According to the agency, that 10 MHz of spectrum licensed to the Public Safety Spectrum Trust provides more than enough capacity to handle communications during day-to-day and severe emergencies, even chemical attacks. But so far, the proposal has run into stiff resistance from public safety officials, who fear their current spectrum holdings are insufficient to handle large-scale disasters.
In the 700 MHz band, public safety entities occupy 24 MHz of spectrum, half of which is allocated for narrowband voice applications, the other half for mobile broadband use.
Critics of the reallocation approach, including Rep. Greg Walden (R-Ore.), the chairman of the House Energy and Commerce Communications Subcommittee, have raised concerns over how cash-strapped states and localities together would pay for the construction and operation of a nationwide public-safety broadband network if the FCC reallocates--rather than re-auctions--the D block. The cost to build such a network is estimated at between $12 billion and $16 billion.
The FCC has not indicated whether or when it might auction the D Block to commercial bidders, which is required under the current law.
The FCC has tried before to auction the D Block, without success. In 2008, under Chairman Kevin Martin, the commission put the D Block up for auction with the stipulation that the winning bidder pair the spectrum with the 10 MHz of spectrum licensed to the Public Safety Spectrum Trust to build a nationwide mobile broadband network, shared by private companies and a group of public safety organizations. The block failed to attract a winning bidder and the spectrum is now vacant.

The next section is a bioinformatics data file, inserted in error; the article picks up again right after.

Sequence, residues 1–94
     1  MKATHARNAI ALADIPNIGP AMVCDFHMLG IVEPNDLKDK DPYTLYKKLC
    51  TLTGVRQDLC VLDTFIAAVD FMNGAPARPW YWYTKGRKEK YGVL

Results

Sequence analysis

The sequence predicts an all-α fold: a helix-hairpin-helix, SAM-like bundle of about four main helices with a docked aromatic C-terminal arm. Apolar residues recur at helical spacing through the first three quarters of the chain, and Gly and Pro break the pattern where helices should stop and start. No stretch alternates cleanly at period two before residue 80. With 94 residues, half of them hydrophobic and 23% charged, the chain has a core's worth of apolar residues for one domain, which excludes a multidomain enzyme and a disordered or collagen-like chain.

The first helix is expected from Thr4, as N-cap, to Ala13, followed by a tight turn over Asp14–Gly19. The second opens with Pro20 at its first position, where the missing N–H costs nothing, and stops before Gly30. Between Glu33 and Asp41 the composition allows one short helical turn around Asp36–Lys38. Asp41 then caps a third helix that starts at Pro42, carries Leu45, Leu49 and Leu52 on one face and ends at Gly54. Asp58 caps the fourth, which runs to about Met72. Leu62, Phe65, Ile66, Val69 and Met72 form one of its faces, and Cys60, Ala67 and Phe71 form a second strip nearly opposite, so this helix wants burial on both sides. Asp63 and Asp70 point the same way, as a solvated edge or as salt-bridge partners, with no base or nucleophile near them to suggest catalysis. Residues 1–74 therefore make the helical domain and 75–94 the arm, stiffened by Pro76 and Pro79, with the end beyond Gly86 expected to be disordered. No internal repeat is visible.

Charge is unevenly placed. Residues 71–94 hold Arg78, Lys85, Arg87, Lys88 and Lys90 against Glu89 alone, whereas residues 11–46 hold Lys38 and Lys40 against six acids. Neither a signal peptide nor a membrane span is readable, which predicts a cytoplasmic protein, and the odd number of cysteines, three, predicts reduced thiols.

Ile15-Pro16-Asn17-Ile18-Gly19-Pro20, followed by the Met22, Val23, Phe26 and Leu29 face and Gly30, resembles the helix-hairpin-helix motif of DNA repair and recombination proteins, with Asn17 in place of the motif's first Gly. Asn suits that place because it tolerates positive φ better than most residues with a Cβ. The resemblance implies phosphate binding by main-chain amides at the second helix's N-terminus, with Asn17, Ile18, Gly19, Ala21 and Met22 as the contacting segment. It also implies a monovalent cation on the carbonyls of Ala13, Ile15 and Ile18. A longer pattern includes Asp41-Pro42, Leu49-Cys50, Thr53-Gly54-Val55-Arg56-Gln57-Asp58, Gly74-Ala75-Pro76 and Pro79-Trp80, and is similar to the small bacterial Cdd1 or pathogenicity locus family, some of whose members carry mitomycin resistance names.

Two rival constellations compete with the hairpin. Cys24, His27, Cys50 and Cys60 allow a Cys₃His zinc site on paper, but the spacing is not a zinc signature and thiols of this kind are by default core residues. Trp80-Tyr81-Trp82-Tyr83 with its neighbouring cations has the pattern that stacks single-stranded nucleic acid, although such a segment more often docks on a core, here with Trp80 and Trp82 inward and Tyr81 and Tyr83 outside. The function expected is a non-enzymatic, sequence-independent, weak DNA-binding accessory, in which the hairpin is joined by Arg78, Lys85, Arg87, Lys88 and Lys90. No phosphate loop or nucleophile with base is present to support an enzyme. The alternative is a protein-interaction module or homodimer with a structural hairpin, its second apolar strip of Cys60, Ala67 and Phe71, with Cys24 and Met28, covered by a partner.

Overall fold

Since the Sept. 11 attacks exposed the communications difficulties that police, fire, and other emergency response personnel experience in a crisis, policymakers have struggled to develop a consensus proposal on what to do with the D Block, and how to build and finance a nationwide public safety broadband network.
Earlier this year, President Obama made a $10.7 billion commitment to build a nationwide interoperable public safety broadband network in earnest. The funding would come from money raised from voluntary incentive auctions of spectrum: $7 billion to deploy the network; $3.2 billion to offset the budgeted funds the U.S. Treasury would otherwise not receive from an auction of the D block, as proposed by the FCC; and $500 million from a new Wireless Innovation Fund for research and development to ensure the network meets public safety requirements.
Similarly, under Rockefeller's bill, some of the money raised through incentive auctions would go toward building and operating a public safety network.
Charles Dowd, communications chief for the New York Police Department, said in a statement released May 2 that bin Laden's death could prompt Hill action this year.
"The need to remain vigilant and coordinate information-sharing in the wake of this great news underscores the urgency facing Congress to act and pass legislation to assign [the D Block of spectrum] to public safety and send it to the president for his signature, fulfilling the last major recommendation of the 9/11 Commission,” Dowd said.